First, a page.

There was a very jolly barbecue at the site of Brede High Farm on Bank Holiday Monday.
Among the various creatures that joined us were one or two examples of the rare and local alder wood-wasp (Xiphydria camelus) a species which appears not to have been recorded previously from East Sussex and with only one record from West Sussex.
Alder wood-wasps (about the size of ordinary wasps) belong to the Xiphydriidae a very small hymenopterous family (bees, wasps, ants, sawflies etc.) and are rather remarkable creatures. The females have organs called 'mycangia' in which they carry fungal spores. They lay their eggs through the bark of recently dead branches of alder or birch and the spores create an area of decay so that the larvae have either softer timber to chew on, or fungal material.
After the eggs are laid a parasitic wasp called Aulacus striatus lays her eggs in the eggs of the alder wood-wasp using the tunnels already made by the host. The wood-wasp eggs hatch with the parasitoid, which feeds inside it on the xiphydriid larva's blood, and they grow together in a process known as 'koinobiosis'. The Aulacus grub eventually kills its host.
This is by no means the only hazard for the wood-wasps. When the larvae are almost fully developed within the branch the female of an ichneumon fly called Rhyssella approximator (aka Rhyssella curvipes) can sense where they are and can pierce the wood with her ovipositor to lay an egg which will hatch to feed inside the hapless host. But this is not the end of the story: a second species of ichneumon, Pseudorhyssa alpestris, watches the activities of R. approximator and, as she cannot drill a hole herself, forces her ovipositor down the hole left by the original parasitoid and substitutes her own egg.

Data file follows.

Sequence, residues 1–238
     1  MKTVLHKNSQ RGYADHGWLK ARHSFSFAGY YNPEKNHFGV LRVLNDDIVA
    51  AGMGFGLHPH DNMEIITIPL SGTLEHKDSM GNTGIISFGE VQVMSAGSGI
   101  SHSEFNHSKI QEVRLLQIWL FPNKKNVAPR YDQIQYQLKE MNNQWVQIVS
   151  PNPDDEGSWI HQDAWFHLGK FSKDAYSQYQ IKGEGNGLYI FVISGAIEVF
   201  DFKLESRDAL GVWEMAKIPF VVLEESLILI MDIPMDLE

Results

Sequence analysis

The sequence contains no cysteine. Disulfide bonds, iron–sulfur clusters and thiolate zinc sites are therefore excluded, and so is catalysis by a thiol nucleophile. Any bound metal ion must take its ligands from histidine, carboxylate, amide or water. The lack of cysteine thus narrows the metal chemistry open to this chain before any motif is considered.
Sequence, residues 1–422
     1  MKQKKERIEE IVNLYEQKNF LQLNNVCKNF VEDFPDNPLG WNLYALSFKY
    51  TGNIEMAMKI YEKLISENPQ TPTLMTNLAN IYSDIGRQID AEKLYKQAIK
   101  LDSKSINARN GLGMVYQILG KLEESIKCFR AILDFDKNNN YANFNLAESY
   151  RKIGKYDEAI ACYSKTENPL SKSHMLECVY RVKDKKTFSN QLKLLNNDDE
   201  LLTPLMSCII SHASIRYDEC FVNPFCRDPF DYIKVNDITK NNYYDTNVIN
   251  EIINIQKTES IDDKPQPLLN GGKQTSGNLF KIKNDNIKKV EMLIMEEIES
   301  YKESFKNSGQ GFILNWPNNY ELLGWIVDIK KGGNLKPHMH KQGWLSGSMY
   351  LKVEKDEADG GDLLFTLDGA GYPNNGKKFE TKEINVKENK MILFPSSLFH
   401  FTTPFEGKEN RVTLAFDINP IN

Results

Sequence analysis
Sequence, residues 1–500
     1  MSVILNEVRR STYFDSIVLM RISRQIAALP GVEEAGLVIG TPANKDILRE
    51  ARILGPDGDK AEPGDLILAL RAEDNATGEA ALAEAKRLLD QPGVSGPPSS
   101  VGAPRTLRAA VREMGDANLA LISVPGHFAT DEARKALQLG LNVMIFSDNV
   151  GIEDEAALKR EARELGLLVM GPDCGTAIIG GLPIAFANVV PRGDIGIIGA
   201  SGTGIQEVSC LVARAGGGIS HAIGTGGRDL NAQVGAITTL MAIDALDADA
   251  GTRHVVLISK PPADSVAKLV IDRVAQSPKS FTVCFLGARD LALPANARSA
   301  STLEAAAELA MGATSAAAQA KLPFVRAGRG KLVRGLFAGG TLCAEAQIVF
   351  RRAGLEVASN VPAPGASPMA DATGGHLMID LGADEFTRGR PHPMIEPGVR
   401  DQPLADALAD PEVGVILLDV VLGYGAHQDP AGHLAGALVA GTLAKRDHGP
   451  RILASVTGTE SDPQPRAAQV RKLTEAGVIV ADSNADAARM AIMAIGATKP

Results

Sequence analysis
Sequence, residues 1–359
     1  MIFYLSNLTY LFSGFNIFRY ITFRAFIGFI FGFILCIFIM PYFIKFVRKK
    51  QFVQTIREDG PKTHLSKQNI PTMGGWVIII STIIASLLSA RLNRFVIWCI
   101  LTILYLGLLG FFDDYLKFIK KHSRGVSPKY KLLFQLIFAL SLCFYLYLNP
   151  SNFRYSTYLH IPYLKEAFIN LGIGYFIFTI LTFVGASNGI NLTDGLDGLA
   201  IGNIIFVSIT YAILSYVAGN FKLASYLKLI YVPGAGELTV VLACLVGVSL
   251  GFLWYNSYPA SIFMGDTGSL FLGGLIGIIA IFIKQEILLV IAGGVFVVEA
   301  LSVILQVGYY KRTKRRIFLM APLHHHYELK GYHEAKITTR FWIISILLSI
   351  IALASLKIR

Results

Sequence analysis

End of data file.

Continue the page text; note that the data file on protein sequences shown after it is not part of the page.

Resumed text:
There is a fourth parasitoid Xiphydriophaga meyerinckii, a small chalcid wasp that crawls down the tunnels made by the wood-wasp larvae and lays her eggs on the body of the living grub which she has paralysed by stinging it.
How did these complexities of plant and animal life evolve I wonder.
In the 1960s a pioneering nature film was made by Gerald Thompson on the activities of the alder wood-wasp and its parasites and this was an important factor in setting the BBC Natural History Unit on its present course. There are details of Thompson's life and work here: http://www.independent.co.uk/news/obituaries/gerald-thompson-642015.html
There are also details of his film online here: http://www.worldeducationalfilms.com/films/alderwoodwasp/synopsis.htm